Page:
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What Is Pupusa?

Dan Harkins
Dan Harkins

The El Salvadorian version of the quesadilla is called the pupusa, which is made of either corn- or flour-based dough. One of the most popular dishes in this Central American country, pupusas can pack a hearty and flavorful punch. Like its Mexican cousin, it encases any number of ingredients, from cheese and meat to beans and vegetables.

Archeological evidence points to at least 2,000 years of pupusa production in El Salvador. Starting with the indigenous Pipil tribe, the dish experienced a resurgence in popularity during a suburban expansion at the latter half of the 20th century. In 2011, pupusarias dot the Central American landscape and can be found liberally scattered across several major cities abroad — particularly in the United States, where many El Salvadorians immigrated during civil war in the 1980s.


The pupusa is made by rolling a small circle of dough into the palm of one hand. Traditionally, either rice flour or a corn flour known as masa de maiz is used. Then, with the fingers of the other hand, a small pocket is made with the circle, into which goes the cheese and other fillings. Many El Salvadorians use a local cheese for this, called quesillo. The dough is then gently wrapped around the opening of the pocket and sealed, often with a brushing of egg yolk. Scissors are used to trim the extra dough, and the pupusa is squished between the hands to make a fat, flat disc.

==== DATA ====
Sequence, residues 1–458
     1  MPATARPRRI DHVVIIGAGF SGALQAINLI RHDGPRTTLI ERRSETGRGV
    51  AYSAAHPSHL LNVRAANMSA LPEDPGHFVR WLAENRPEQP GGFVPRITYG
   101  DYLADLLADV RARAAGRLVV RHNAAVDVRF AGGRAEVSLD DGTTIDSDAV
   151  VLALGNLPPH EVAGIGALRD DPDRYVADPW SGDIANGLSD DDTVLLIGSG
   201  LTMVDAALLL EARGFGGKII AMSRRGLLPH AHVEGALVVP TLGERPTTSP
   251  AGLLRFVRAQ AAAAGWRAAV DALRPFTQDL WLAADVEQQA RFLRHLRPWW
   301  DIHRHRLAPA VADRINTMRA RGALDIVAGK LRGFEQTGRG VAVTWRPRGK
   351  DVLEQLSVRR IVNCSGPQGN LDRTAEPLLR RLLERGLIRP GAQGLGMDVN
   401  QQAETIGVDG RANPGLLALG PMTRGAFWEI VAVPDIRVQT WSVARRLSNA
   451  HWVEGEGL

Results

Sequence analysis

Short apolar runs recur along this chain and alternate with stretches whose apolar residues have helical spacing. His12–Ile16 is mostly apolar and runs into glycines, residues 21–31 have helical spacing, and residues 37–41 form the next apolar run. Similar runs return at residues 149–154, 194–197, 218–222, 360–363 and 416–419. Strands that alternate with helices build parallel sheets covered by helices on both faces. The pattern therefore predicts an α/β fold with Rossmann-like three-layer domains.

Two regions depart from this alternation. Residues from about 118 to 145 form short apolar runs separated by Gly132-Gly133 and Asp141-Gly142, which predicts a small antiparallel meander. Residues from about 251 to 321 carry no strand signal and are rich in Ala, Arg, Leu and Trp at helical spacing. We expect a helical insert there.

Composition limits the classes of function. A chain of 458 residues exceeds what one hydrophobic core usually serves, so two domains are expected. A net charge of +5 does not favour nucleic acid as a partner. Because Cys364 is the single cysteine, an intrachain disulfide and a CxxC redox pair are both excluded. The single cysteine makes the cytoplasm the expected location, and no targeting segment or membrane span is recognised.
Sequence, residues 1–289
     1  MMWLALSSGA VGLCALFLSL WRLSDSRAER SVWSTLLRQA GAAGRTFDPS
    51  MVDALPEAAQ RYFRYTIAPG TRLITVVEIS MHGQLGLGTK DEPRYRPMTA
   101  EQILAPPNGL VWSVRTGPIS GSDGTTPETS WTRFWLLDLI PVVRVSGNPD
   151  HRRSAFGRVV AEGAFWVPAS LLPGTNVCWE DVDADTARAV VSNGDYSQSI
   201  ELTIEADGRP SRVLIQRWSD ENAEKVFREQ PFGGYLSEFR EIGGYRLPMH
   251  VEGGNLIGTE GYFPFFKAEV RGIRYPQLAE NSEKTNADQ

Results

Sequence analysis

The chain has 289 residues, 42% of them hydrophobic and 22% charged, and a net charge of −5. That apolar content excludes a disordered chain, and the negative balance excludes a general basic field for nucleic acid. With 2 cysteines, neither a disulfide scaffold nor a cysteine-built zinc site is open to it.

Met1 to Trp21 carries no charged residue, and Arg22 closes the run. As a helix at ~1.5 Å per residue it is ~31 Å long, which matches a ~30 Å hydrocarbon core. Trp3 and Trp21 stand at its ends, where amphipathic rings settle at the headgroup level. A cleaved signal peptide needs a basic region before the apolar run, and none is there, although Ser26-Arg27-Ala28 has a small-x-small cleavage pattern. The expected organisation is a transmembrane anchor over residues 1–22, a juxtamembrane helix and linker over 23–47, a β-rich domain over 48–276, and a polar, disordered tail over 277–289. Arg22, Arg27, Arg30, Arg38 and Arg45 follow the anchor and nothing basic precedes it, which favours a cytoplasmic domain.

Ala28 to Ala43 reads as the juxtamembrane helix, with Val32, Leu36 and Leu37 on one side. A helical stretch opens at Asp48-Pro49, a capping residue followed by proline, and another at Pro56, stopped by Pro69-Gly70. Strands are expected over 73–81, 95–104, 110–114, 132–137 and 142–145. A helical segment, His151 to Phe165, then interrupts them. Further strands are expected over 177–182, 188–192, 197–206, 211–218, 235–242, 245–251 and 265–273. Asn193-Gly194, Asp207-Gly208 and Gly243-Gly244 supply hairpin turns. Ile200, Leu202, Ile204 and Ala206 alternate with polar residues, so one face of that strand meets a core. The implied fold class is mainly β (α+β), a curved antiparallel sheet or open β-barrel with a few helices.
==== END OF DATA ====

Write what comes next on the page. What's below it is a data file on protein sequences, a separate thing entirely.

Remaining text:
The filling that accompanies the cheese, if any, is created from one or several traditional ingredients. Refried beans are fairly common, as is pork or chicken, either grilled or deep-fried. Chicharron — fried pork rinds — are a popular item, too. The range of culinary possibilities is wide, including shellfish, sauteed vegetables, and local herbs like cilantro or paprika.

Pupusa is a smaller version of the Eurasian tone bread, originating five millennia ago in the nation of Georgia. Those breads are typically grilled in a tandoor-style tone oven, though. The pupusa, however, can be made on a skillet or flat-top grill.

Several Central American countries like Honduras and Guatemala have adopted El Salvador's national dish. The pupusa may vary in shape or contents in different regions but the concept remains the same. In 2011, it is customary to eat this dish by hand, dipping it in an often-spicy pickled relish called curtido and in a tomato-based sauce.

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